Mozambique's Performance on the Resource Governance Index
Mozambique received a "failing" score of 37, ranking 46th out of 58 countries, despite a relatively strong showing on the Institutional & Legal Setting component.
(out of 58)
(out of 100)
|32||Institutional & Legal Setting||58|
|46||Safeguards & Quality Controls||37|
Institutional & Legal Setting (Rank: 32nd/58, Score: 58/100) learn more
Mozambique's "partial" score of 58 is the product of an incomplete regulatory framework but meaningful disclosure policies.
The Mineral Resources Ministry's National Petroleum Institute (NPI) grants hydrocarbon licenses, which are obtained through public tender, simultaneous negotiation or direct negotiation. The General Tax Directorate of the Finance Ministry collects royalties, taxes, and profit shares from companies. The NPI regulates the hydrocarbon sector and collects payments from oil companies for social and capacity-building funds. These revenues bypass the treasury, and there is no public information about their management.
Mozambique requires companies to provide an environmental impact assessment before extraction can begin, but the government often lacks the capacity to make an independent evaluation of environmental risks. The country achieved compliance under the Extractive Industries Transparency Initiative (EITI) in 2012. It has yet to adopt a law requiring disclosure of extractive sector information.
Reporting Practices (Rank: 51st/58, Score: 26/100) learn more
Mozambique received a "failing" score of 26, reflecting a lack of information on the licensing process, contract terms, and industry data.
The Finance Ministry publishes only aggregated figures for combined revenues from energy, mining, and hydrocarbons. The Mineral Resources Ministry publishes very basic data provided by companies, and the NPI lists information on exploration activities, but little else. The most comprehensive information is published in EITI reports covering the 2008 and 2009 fiscal years. They contain the names of companies operating in Mozambique, the cost of social investments, royalties, taxes, dividends, and license fees. Some environmental impact assessments are made available by resource companies.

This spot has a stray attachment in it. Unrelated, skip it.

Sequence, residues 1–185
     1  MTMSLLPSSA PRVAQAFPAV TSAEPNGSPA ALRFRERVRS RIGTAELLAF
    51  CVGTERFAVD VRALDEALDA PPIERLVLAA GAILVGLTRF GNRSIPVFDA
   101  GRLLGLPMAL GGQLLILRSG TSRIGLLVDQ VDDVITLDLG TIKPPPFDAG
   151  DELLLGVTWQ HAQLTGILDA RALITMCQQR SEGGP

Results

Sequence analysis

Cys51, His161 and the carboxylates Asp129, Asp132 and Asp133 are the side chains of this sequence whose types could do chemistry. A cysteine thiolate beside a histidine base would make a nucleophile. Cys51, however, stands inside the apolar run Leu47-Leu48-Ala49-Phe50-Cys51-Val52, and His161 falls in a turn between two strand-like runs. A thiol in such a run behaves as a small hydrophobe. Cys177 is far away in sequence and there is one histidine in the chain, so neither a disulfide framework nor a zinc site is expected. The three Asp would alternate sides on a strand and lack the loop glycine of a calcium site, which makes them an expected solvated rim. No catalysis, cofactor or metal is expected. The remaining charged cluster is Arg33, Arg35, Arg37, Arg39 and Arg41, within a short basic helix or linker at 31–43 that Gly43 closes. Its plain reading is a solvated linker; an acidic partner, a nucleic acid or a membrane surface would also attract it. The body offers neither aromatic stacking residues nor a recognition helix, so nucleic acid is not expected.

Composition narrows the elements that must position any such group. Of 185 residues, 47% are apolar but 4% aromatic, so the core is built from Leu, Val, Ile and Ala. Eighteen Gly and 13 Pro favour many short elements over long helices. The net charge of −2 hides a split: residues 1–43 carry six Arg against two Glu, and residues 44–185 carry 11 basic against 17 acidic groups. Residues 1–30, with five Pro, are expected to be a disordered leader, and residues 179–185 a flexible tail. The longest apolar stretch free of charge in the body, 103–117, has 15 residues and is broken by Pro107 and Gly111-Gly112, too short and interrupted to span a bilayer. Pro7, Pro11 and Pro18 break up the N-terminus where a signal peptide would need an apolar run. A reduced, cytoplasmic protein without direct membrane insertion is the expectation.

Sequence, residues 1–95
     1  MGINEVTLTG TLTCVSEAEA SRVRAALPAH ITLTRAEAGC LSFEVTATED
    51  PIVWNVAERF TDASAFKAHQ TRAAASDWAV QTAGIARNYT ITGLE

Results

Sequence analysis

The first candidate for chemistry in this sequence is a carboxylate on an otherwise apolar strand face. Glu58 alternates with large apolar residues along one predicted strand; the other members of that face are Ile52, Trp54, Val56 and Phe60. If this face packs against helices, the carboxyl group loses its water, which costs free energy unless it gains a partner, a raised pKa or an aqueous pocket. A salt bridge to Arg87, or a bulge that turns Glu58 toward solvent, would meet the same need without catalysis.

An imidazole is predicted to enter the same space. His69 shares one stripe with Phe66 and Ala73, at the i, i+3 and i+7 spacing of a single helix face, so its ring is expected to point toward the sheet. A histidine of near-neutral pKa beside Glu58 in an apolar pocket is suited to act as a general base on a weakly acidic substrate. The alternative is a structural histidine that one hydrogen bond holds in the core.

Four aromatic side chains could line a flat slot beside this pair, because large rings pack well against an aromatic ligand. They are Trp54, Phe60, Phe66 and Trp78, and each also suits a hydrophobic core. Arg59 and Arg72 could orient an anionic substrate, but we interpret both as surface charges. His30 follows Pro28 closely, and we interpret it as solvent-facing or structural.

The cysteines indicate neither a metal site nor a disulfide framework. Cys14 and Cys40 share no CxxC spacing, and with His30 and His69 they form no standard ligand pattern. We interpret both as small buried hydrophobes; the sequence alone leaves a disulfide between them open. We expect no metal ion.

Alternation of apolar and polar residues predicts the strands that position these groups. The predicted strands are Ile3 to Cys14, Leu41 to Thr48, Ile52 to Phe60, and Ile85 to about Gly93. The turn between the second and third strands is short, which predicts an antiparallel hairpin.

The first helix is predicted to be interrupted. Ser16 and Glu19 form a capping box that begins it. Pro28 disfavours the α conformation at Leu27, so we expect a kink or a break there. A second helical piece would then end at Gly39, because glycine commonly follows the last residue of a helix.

Safeguards & Quality Controls (Rank: 46th/58, Score: 37/100) learn more
Insufficient government monitoring and poor audit mechanisms led to a "failing" score of 37.
There are no legal provisions limiting the NPI's discretion in licensing decisions, though the Public Tender Law does include mechanisms for appeal. The legislative branch does not review contracts and provides little oversight of the extractive industries. All public entities are audited and the reports are presented to the legislature, but lawmakers do not always follow recommendations from national auditors and not all audit reports are available to the public. Government officials involved in the sector are not required to disclose potential conflicts of interest.
Enabling Environment (Rank: 29th/58, Score: 37/100) learn more
Mozambique releases negligible information about the national budget process and faces challenges with the quality of the rule of law.
State-Owned Companies (Rank: 36th/45, Score: 28/100) learn more
State-owned companies are active in all extractive sectors, though private companies own part or all of most large projects. Empresa Nacional de Hidrocarbonetos is entirely owned by the state. Its audited reports provide data on petroleum operations and subsidiaries, including production by block, but give only limited information on revenue streams such as special taxes and dividends.
Subnational Transfers learn more
While the Petroleum Law requires that a portion of revenues go to communities where extraction takes place, no such payments have been made. The law does not specify the percentage of petroleum revenues to be transferred nor how the money should be managed.
INSTITUTIONAL & LEGAL SETTING
SAFEGUARDS & QUALITY CONTROLS
To explore all data and compare country scores, use the RGI Data Tool.
Key Economic Indicators
|GDP (constant 2011 international $ billion)||5.4||7.4||12.8|
|GDP per capita, PPP (constant 2005 international $)||501||670||861|
|Oil and gas revenues (% total government revenue)||..||1|
|Extractive exports (% total exports)||38||74||67|
|Sources: Oil and gas revenue as share of total government revenue from the Economist Intelligence Unit and the International Monetary Fund. All other data form the World Bank. Oil and gas revenues 2011 data from 2009.|